Empty Days

Wednesday, September 21, 2005



To all things their time:

I have an old french pocket edition of St.Augustine's Confessions - it has pencil marks in it which by all appearances are by myself when I was in my late teens. Tellingly enough I don't even remember ever reading this book - most likely because in those days I devoured literally tones and tones of books but for all the wrong reasons most of the time. In fact I simply wanted to appear well-read and knowledgeable in order to impress everyone around me. In this I succeeded. But all this assumed wisdom proved of no use to me whatsoever.

I wonder if this sort of early-life pitfall can really be avoided - or whether it should be even. To each his own road with its own potholes.

In light of which this passage by Augustin hits close to home:
Of all this I was convinced, yet I was too weak to enjoy thee. I chattered away as if I were an expert; but if I had not sought thy Way in Christ our Saviour, my knowledge would have turned out to be not instruction but destruction.[222] For now full of what was in fact my punishment, I had begun to desire to seem wise. I did not mourn my ignorance, but rather was puffed up with knowledge. For where was that love which builds upon the foundation of humility, which is Jesus Christ?[223] Or, when would these books teach me this? I now believe that it was thy pleasure that I should fall upon these books before I studied thy Scriptures, that it might be impressed on my memory how I was affected by them; and then afterward, when I was subdued by thy Scriptures and when my wounds were touched by thy healing fingers, I might discern and distinguish what a difference there is between presumption and confession -- between those who saw where they were to go even if they did not see the way, and the Way which leads, not only to the observing, but also the inhabiting of the blessed country. For had I first been molded in thy Holy Scriptures, and if thou hadst grown sweet to me through my familiar use of them, and if then I had afterward fallen on those volumes, they might have pushed me off the solid ground of godliness -- or if I had stood firm in that wholesome disposition which I had there acquired, I might have thought that wisdom could be attained by the study of those [Platonist] books alone.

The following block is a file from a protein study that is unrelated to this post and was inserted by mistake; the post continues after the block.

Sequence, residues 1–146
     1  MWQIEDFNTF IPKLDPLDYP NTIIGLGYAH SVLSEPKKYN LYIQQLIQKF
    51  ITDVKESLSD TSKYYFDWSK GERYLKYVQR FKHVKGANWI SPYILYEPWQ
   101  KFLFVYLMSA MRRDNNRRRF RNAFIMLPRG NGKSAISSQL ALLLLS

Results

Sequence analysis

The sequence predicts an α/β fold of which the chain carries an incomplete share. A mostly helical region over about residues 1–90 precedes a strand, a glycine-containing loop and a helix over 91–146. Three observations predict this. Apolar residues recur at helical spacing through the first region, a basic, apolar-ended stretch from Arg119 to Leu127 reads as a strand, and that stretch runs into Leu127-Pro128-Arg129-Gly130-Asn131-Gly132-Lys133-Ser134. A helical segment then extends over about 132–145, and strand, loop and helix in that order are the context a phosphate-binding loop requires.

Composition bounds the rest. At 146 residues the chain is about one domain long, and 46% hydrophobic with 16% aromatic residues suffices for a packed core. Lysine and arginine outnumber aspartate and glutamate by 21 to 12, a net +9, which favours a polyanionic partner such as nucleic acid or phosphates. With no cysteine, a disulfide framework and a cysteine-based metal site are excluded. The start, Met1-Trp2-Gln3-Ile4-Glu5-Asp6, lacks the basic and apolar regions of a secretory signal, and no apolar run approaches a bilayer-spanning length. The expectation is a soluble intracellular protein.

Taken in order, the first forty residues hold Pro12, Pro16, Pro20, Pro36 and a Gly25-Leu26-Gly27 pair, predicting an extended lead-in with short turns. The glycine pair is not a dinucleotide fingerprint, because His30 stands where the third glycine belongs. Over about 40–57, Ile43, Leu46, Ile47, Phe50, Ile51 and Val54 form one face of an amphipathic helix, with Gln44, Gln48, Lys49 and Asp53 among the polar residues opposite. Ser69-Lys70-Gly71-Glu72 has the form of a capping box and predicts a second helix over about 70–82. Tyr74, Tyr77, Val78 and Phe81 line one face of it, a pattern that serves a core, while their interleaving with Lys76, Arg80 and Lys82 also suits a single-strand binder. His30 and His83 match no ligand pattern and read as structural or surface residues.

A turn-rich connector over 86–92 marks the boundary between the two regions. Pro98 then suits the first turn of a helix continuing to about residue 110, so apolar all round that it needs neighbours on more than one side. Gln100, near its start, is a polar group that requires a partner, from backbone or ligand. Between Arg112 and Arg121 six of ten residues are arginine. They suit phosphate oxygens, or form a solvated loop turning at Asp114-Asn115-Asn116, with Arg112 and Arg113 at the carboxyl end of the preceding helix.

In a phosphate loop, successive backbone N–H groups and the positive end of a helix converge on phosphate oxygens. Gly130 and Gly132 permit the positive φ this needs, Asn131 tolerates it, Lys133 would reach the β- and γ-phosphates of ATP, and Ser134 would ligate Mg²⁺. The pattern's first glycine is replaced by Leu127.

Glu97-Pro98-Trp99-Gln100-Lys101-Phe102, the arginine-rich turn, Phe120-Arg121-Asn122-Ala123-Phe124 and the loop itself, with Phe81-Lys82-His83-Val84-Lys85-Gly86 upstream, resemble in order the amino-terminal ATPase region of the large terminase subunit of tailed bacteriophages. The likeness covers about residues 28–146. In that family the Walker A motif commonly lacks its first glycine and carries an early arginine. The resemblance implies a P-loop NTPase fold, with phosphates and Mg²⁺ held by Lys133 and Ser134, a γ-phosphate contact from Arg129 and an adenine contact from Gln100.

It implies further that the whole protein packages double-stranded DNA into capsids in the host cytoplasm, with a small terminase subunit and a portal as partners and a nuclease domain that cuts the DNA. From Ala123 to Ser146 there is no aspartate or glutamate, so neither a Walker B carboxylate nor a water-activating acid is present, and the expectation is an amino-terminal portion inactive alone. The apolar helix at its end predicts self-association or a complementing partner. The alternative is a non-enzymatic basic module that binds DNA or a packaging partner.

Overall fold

***

When I think that these very candid and true Confessions have been endlessly used by ignorant and arrogant fanatics of the outer church as some sort of glorified *proof* of the superiority/infaillibility of the christian faith - I mourn for Augustine and his heart. There are and can be no proofs-for-all - this is what this book is about!

Outside of which this is indeed a powerful testimony to the unfathomable ways of living God (whose reality does not become any clearer from reading this book alone) - and how these ways cannot be forced on those yet unwilling to listen.

Holy Christ :-/

***

Funny detail: the french and english editions talk of the "Catholic Church" while the russian translation (which is actually better done in terms of precision) translates everything as "the Orthodox Church". Now, this really doesn't matter much since in Augustine's time the christian tradition was still in one piece. But I must wonder what other devious interpretations there occured in the course of such biased translations.





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